Nope, all architectural and human activity basically destroys nature and ecosystems and uses valuable resources and contributes to global warming. All those LEED or BREAM certificates are bullshit. Even if you would design a super sustainable community and rebuild some ecosystems but you drive to your office by car, you're already doing more harm than good, if you design it on the computer with parts sourced all over the globe and that's connected to the internet and all kinds of data-servers and cloud networks, you're having a huge carbon footprint. Even if your design in essence is carbon neutral or even negative, but you have a hamburger for lunch during office hours, you're contributing to global warming.

Mar 6, 17 4:59 pm
tduds

"Well you can't do everything, so you might as well do nothing."

randomised

Doing nothing is the most sustainable and eco-friendly option indeed! Even writing this we are contributing to the effects of global warming...

tduds

Yes, every existing organism contributes in some way to the degradation of its environment. The only true sustainable act is total extinction. Great argument.

But since our society tends to frown upon genocide and suicide, maybe we can look past the idiotic pedantry of absolutes and find a middle ground that at least mitigates the environmental impact of our society without totally dismantling it.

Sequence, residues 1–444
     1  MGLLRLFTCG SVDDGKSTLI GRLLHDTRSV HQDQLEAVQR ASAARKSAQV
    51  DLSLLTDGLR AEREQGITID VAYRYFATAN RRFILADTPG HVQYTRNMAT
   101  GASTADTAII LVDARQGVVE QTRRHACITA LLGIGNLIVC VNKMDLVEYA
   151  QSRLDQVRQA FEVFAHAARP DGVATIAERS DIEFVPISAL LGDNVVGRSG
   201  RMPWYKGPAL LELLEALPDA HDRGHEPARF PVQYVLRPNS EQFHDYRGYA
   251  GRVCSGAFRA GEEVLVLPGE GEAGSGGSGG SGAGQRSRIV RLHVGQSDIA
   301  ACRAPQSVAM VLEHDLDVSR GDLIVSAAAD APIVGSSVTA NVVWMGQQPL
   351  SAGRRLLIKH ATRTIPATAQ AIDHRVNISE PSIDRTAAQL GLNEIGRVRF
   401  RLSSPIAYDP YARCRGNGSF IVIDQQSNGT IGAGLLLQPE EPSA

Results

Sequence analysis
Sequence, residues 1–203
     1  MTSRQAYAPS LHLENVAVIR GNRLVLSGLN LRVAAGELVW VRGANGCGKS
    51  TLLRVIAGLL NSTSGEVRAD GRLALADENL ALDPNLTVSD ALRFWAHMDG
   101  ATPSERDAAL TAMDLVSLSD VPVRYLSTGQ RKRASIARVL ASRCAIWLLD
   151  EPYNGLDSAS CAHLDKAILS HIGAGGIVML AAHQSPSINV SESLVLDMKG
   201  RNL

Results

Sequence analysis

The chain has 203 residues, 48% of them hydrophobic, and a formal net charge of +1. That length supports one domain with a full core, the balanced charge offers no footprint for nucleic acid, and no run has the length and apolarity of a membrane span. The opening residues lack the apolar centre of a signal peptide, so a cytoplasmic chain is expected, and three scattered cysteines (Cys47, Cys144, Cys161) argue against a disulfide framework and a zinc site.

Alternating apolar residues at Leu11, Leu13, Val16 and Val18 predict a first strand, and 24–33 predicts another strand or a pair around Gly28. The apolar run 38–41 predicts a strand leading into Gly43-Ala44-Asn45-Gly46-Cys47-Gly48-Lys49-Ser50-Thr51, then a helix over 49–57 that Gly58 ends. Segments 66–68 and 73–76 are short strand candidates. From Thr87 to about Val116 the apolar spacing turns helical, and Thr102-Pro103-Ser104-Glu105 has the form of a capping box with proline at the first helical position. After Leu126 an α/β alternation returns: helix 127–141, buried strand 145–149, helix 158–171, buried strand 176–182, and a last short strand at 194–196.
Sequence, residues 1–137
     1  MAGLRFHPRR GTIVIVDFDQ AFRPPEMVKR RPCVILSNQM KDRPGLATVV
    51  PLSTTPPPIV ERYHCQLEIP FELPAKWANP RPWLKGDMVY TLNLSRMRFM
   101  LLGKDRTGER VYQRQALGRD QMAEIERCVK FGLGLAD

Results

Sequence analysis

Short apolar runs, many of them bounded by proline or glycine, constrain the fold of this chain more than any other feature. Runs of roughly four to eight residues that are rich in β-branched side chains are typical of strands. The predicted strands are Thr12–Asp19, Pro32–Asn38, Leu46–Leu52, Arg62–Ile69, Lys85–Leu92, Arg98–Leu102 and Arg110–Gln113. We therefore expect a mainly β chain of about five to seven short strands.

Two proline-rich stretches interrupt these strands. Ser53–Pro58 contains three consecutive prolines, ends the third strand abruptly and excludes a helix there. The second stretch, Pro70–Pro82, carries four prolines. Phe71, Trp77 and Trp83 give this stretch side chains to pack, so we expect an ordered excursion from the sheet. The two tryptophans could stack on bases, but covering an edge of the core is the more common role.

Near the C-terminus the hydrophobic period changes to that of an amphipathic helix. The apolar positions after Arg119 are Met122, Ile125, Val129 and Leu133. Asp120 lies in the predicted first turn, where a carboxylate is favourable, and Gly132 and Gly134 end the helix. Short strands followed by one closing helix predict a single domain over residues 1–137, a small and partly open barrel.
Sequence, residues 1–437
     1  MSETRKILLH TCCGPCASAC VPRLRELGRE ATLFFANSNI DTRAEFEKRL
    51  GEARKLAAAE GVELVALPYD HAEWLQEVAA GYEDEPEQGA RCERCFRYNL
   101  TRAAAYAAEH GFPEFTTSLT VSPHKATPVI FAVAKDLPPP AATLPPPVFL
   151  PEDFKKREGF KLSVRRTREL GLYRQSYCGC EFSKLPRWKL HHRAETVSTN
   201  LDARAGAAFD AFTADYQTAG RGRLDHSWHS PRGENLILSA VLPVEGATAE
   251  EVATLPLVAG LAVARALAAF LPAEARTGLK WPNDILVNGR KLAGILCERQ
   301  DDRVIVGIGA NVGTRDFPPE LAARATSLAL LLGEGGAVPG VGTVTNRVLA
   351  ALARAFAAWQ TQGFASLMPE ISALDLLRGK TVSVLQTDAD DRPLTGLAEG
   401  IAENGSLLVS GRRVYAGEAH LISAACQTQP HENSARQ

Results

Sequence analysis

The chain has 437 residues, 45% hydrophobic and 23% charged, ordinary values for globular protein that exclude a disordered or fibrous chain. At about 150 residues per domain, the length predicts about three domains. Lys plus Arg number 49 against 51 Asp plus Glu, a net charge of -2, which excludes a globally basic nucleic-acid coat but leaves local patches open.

randomised

Total extinction is not necessary. When Europe was suffering from the Plague back in the Middle Ages, so many farmers and serfs were killed that nobody took care of the crop fields, which led to them being overgrown and returning to forest land, capturing significant amounts of CO2 which led to a mini Ice Age.

JLC-1

What environment? the environment is a hoax!

Mar 6, 17 6:11 pm
Volunteer

Seems like forestry, oceanography, farming, meteorology, would be better subjects to study. Maybe civil engineering with an emphasis on road, tunnel, and bridge designs. Or you could be a starchitect and design paper buildings for aids people to die in before moving on and designing for the Aspen elite.

Mar 6, 17 6:38 pm
eltamz